Pinot Noir, pre veraison

My garden Pinot Noir vines have yet to reach veraison, but they are looking very healthy. No signs of any disease, and just two sulfur applications so far the only preventive measures I have taken this season.

My only cause for concern is the debris hiding in the bunches, from failed berries and dead flower caps (pictured). The bunches are currently pretty open, but should they close a bit more, this debris could cause the bunches to rot from the inside if it gets infected by botrytis.

I’ve tried to get as much out as possible by manual means, because I don’t plan to spray any more before harvest.

6 comments to Pinot Noir, pre veraison

  • kevin courtney

    What clones are you using Jamie? I presume it will all be handpicked?

  • You could always make a botrytised Pinot!!!

  • Yes, all four PN vines will be hand-picked. The clone? Unknown. Not very scientific, I know.

    Hmmm, botrytised Pinot. Not really my thing.

  • I found this post and the subsequent comments quite interesting. I am a Canadian wine blogger and I cover a new region in Ontario called Prince Edward County.The best wineries are specializing in Pinot Noir and Chardonnay. The varieties are quite suited to the shallow clay loam soils that lie atop fractured limestone. In fact, Prince Edward County itself is essentially a limestone headland that juts into Lake Ontario not far from the St. Lawrence seaway.

    Anyway I found this post interesting because this is usually when veraison occurs in the County. However, due to a very early spring and a warm summer veraison actually started occuring 2 weeks ago! Seeing your picture Jamie made me realize just how early things are here this year.

    The second comment I found interesting was the one about Botrytised Pinot Noir. Over the past two years two top end growers in Prince Edward County have made it. In 2008 Geoff Heinricks, winemaker at Keint-He, had much of his Pinot go the way of botrytis. The wine is currently sitting in Hungarian oak and is fantastic. Its sort of like the botrytis affected wines from the Austrian village of Rust with its own uniqueness.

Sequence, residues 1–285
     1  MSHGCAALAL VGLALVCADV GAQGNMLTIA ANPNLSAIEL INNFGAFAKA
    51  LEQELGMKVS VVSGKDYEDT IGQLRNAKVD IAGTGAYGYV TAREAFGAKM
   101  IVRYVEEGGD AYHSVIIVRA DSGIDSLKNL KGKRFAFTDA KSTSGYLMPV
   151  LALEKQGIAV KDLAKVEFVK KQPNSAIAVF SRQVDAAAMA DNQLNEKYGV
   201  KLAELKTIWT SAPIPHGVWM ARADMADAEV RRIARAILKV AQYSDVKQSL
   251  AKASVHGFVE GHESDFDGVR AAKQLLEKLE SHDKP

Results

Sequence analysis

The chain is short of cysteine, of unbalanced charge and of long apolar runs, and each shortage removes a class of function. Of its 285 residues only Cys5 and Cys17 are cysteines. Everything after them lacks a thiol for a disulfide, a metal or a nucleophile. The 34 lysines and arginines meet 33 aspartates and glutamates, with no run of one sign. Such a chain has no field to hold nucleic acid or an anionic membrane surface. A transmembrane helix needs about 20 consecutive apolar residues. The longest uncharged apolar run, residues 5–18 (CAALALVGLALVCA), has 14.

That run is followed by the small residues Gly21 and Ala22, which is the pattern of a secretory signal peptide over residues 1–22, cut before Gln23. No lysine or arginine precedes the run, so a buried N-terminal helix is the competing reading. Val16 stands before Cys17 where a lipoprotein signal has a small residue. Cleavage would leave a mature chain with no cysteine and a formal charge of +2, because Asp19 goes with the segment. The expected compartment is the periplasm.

Then last year Bruno Francois and Jens Korberg who own 5 acres of Pinot Noir at their winery called The Old Third. They had some of their Pinot affected with botrytis and were able to make a wine from it, but kept it all in stainless steel. Again really unique fascinatingly complex wine that has a mouthfeel like a top end Vendage Tardives from Alsace.

    I have write ups on both of them on my blog/website http://www.huntigvines.ca. And Jamie, or anyone reading this for that matter. If you get a chance to come to Canada please visit Prince Edward County. The best producers are growing organic or biodynamic, cropping at low levels,fermenting with indigenous yeasts,not fining or filtering their wines, and are using low levels of sulphur. Furthermore, most are small so the winemaker is usually the owner is always around to chat with.

    The only problem is you can really only get their wines from the winery themselves. If anyone does get a chance to come send me an email and I’d be happy to show you around or give you advice on winemakers you should meet and talk to.

  • Hunter, ha! my comment was meant to be tongue-in-cheek…I shall have to research this further.

  • I figured it might have been a bit off a joke from you, but no they are making serious Botrytis Affected Pinot. I also just realized I typed my blog address wrong on my post, so now you may think I was joking. Its http://www.huntingvines.ca Sorry I missed the ‘n’. Both of Keint-He’s and The Old Third’s B.A. wines haven’t been released. But I had dinner with Jens and Bruno last night and they will be bottling their’s soon. Probably this fall.

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